Mountain Mods H2gO Aluminum Cube Case
Author: Zahn Funk
Editor: Shawn Knight
Date: 03-08-2008
Provided by: Mountain Mods
Pages:
Installation

I'm going to spend more time and show a few more pictures than I normally would for the installation part of the review, because if you're unfamiliar with Mountain Mods cases (as I was), things go together quite a bit differently than they would in your typical mid-tower upright.

First off, Mountain Mods designs their cases with water cooling in mind. Sure you can slap a regular old heatsink and fan in here but the dual 120mm fan holes on either end of the top chamber are cut specifically to fit Thermochill radiators. That's great if you currently use that particular brand, or Mountain Mods can even sell you a nice Thermochill setup with the case, but what I have to install here today is a Swiftech Apogee kit leftover from a previous review.

Unfortunately Swiftech spaces their fan positions a little differently, so the threaded screw holes were not lining up with the openings in the case. Obviously this would not be a problem with a single position radiator and it really wasn't a big deal for me either. I simply mounted one of the fans directly to the case, and used longer screws to mount the other fan through the case into the radiator. One set of four screws is plenty to hold the rad in place. I opted to mount the fans outside of the case and pull air through the radiator in an exhaust configuration. There's a couple other layouts you might go with, such as having both fans and rad mounted inside, at the other end of the H2gO in either an intake or exhaust setup. I did not want warm air from the rad blown through the interior, and I also preferred to keep all the water cooling components inside so that I could pull them back out in the future without disassembling the loop in order to get the tubes through the openings in the case.


With the cooling solution figured out, the next step is to get all the components installed in the lower chamber of the case. The reason being that the motherboard tray must be removed in order to install the 5" bay devices and the power supply. The next revision of the H2gO will have a notch in the bottom flange on the side to allow these to be slid in and out with the tray in place. It is kind of disheartening knowing that once assembled, in order to change out anything in the bottom half, both side panels and the motherboard tray will first need removed. But at least Mountain Mods has addressed this problem for future owners.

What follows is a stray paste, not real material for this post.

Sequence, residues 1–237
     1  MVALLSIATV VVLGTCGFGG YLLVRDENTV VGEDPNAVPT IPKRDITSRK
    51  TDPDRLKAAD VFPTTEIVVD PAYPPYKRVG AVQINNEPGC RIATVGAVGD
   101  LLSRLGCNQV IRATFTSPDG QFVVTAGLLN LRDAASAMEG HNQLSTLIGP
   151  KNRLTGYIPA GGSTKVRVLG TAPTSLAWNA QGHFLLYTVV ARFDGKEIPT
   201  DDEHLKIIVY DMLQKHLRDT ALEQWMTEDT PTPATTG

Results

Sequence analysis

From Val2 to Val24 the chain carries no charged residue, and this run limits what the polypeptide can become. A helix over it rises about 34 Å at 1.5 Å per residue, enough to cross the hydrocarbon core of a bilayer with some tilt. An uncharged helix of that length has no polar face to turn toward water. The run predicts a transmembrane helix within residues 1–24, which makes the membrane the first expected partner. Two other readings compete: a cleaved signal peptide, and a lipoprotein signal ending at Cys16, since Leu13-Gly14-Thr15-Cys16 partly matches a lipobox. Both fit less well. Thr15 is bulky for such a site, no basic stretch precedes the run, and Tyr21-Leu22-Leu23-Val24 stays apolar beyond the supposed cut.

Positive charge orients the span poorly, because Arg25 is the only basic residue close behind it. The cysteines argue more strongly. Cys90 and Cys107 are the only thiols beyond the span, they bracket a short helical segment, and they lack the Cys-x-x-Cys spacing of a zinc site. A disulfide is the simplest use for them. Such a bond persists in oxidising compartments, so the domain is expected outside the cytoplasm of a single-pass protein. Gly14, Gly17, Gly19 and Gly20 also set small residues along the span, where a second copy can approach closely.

The 5" drives are assembled first, using these clear side brackets to hold them all together. Since there are no blank bay covers that come with the H2gO I wanted to fill up each position, so I'm using a 3" floppy and a fan controller along with the optical drive, which must be mounted in the lowermost position. The reason for this is because the drive cluster is then attached to the case by way of screws through holes in the bottom. A thick piece of clear acrylic is used as a spacer between the panel and drive, in the second revision of the H2gO this spacer comes attached to the case so you don't have the hassle of trying to hold it, your drives and put the screws in all at the same time. I don't have a 3" to 5" adapter plate for the floppy drive unfortunately, so I'll have to leave a gap around the front of it for now.


The power supply installs fairly painlessly, although it would be nice to have another spacer below it as well. The screws holding the acrylic feet on the bottom of the case can scratch up the side of the power supply as you're trying to position it for mounting. The hard drives install similar to the 5" devices. There are side brackets that must be attached to all the drives first, then the whole cluster can be mounted behind one of the fans. In retrospect, it probably would have been easier to mount the drives opposite the 5" bays, rather than across from the power supply, since there is a bit more room available there.


Once all the lower components are in place, the motherboard tray can be reinstalled and the rest of the system can be assembled. There are several openings in the tray on three sides to allow cables to be run between the two chambers. You don't have to worry too much about cable management in the bottom half because there are no windows down there, although you will see some of it through the motherboard tray. The rear side panel must be installed in order to attach any add-in cards, and I found it is very important to remember the three screws that connect the panel to the motherboard tray. This prevents the tray from sagging, since otherwise it is only supported in the corners, and cards will not seat completely in their slots if the center is not held firmly in place.


That pretty much wraps up installation; the only thing left to do is reattach the front side and top panels. There are a lot of screws holding the panels in place, which makes removing and replacing them a big PITA. I later decided to use just four thumbscrews on the front side panel because I found that was the one I was accessing the most.

On to final thoughts and conclusion.


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